With the rise of artificial intelligence (AI), the healthcare industry is now exploring how this technology can be used to improve patient outcomes.
AI and machine learning have been around for many years. In fact, they've been around for as long as people have been considering the idea of a machine mimicking the human mind and building a virtual brain. AI research has grown by 12.9% over the last 5 years, according to a recent study. But what does that mean for patients?
All healthcare providers aim to reduce variability in practice, personalize care for patients and deliver better outcomes with lower costs. The increased knowledge AI offers can help achieve these goals.
With the growing amount of data available, it can be impossible to sort through those data without AI technology. According to a report (PDF) from Dell EMC and research firm IDC, health data volumes increase by a staggering 48% annually each year.
Using AI, we can now analyze massive quantities of data to inform clinical decision-making at the point of care. Through clinical decision support (CDS) tools, physicians now have the ability to understand, access and analyze a wealth of real-world data, closing the gap between experimental, artificial study settings and clinical realities to produce trusted best practices that can be rapidly applied to their clinical practice.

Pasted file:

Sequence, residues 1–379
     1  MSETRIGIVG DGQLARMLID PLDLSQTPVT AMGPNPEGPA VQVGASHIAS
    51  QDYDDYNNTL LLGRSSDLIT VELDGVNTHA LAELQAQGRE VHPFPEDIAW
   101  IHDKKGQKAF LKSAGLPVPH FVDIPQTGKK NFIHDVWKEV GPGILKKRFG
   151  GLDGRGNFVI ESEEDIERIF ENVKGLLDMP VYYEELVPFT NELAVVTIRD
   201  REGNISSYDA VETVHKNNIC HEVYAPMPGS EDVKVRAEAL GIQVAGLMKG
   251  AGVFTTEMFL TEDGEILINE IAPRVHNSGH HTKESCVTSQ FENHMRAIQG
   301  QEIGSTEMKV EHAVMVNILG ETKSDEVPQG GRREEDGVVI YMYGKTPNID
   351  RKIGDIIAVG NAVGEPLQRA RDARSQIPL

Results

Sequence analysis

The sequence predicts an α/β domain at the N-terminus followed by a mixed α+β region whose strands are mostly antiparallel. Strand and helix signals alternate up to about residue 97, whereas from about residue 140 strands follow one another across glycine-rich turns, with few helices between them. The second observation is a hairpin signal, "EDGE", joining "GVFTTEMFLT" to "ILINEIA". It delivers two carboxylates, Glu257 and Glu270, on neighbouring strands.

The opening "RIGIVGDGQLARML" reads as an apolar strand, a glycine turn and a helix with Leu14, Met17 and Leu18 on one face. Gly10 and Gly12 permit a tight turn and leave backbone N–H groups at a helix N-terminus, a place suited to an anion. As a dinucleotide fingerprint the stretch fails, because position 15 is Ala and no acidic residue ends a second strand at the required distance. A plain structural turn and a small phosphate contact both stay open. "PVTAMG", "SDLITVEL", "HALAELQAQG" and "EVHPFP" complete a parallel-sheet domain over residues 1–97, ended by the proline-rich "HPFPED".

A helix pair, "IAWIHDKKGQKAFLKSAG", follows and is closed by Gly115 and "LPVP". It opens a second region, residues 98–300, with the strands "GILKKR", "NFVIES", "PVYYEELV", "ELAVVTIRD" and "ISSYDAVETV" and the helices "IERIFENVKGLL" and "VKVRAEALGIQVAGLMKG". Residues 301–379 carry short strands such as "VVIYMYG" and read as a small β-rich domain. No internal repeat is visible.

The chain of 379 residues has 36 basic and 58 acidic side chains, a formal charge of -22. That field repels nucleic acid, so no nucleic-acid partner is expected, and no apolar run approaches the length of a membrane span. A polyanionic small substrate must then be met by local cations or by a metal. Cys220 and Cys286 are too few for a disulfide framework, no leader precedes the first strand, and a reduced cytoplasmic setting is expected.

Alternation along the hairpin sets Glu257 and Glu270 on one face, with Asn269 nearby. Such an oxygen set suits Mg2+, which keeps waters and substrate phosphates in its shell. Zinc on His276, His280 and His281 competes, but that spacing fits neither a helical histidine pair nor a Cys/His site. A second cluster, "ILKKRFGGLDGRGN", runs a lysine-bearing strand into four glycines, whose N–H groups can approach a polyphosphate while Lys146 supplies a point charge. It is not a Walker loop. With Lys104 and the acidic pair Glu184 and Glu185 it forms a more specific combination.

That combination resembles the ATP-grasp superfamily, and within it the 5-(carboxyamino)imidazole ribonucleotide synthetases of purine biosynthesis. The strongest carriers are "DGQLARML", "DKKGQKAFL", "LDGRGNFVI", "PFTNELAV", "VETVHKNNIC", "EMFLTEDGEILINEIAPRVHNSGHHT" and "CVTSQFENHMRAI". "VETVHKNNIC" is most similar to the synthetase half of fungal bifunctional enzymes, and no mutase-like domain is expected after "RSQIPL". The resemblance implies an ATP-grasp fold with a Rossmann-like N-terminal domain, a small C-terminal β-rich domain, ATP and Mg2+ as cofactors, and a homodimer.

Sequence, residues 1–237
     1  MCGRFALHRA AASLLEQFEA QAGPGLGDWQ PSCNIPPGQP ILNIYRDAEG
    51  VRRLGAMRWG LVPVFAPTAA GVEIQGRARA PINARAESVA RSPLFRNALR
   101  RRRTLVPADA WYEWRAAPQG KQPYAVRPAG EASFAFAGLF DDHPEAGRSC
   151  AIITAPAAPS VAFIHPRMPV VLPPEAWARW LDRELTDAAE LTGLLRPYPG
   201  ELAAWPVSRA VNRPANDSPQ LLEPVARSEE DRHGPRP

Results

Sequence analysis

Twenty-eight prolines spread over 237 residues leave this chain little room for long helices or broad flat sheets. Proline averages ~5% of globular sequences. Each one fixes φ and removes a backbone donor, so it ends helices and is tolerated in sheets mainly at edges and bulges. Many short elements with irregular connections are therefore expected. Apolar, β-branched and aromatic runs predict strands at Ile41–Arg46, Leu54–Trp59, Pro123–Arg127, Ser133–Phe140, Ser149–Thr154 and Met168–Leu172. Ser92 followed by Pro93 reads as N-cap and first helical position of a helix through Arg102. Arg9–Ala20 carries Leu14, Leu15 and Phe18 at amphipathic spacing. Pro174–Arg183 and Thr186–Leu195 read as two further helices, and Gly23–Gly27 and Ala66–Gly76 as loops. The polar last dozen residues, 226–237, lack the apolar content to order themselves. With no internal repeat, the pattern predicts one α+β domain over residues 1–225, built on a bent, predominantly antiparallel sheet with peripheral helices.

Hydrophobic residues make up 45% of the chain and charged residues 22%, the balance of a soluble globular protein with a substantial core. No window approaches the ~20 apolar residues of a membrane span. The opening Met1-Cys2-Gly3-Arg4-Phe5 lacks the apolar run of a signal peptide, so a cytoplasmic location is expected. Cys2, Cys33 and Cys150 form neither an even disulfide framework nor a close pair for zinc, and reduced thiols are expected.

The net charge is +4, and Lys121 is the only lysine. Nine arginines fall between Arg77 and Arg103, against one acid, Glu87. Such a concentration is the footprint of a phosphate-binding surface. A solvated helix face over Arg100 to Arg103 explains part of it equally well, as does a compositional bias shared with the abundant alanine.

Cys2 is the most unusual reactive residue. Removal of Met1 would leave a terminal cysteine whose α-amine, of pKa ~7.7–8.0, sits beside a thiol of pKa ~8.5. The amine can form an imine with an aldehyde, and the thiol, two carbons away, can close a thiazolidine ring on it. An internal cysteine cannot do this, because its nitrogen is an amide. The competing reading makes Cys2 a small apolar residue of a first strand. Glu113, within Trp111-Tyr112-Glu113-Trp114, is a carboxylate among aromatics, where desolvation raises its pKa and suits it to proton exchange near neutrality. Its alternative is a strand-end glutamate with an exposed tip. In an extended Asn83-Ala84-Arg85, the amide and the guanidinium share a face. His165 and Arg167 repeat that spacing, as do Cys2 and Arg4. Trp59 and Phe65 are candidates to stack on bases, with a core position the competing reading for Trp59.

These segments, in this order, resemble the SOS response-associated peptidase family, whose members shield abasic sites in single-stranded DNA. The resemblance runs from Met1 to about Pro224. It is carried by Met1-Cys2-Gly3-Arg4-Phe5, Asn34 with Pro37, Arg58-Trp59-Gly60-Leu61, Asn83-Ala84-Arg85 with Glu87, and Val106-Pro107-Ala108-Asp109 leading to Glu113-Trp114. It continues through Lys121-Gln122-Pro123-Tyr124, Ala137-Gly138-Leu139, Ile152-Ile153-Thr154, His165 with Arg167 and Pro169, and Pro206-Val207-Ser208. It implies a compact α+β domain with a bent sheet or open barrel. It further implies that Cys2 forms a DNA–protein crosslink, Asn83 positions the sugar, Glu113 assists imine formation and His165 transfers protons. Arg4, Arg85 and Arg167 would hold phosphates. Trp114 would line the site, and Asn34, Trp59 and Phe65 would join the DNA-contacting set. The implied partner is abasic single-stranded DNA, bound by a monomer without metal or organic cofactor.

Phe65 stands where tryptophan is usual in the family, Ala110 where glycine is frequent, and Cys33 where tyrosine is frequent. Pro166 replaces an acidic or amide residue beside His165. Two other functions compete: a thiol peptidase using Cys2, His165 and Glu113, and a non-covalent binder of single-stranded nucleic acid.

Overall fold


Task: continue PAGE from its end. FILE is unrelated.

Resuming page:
Supported by advanced algorithms and machine-learning capabilities, CDS tools use AI to analyze existing patient data and draw new findings and hypotheses that are often not covered in larger or more traditional scientific research.
Moreover, data collected from the physicians who use these tools help continually strengthen the recommendations these tools deliver, providing a continuous process of improvement in clinical decision-making. This feedback loop will allow reduction in unwarranted variations and enable insights to be delivered back into clinical practice, benchmarking clinical improvement across hospitals.
By using AI to sift through data and deliver the right information at the right time, CDS tools have been proven to prevent medical errors and reduce costs. For example, with the help of a CDS diagnostic tool, radiologists have been shown to reduce diagnostic errors by 19%, saving costs on unnecessary testing and re-testing.
AI technology will remain a prominent method of understanding our world of data; but it’s the physicians, researchers and institutions who harness the data to deliver better care, treatments and outcomes that are going to be most impactful for patients.
Richard Loomis, M.D., is the chief informatics officer, clinical solutions at Elsevier.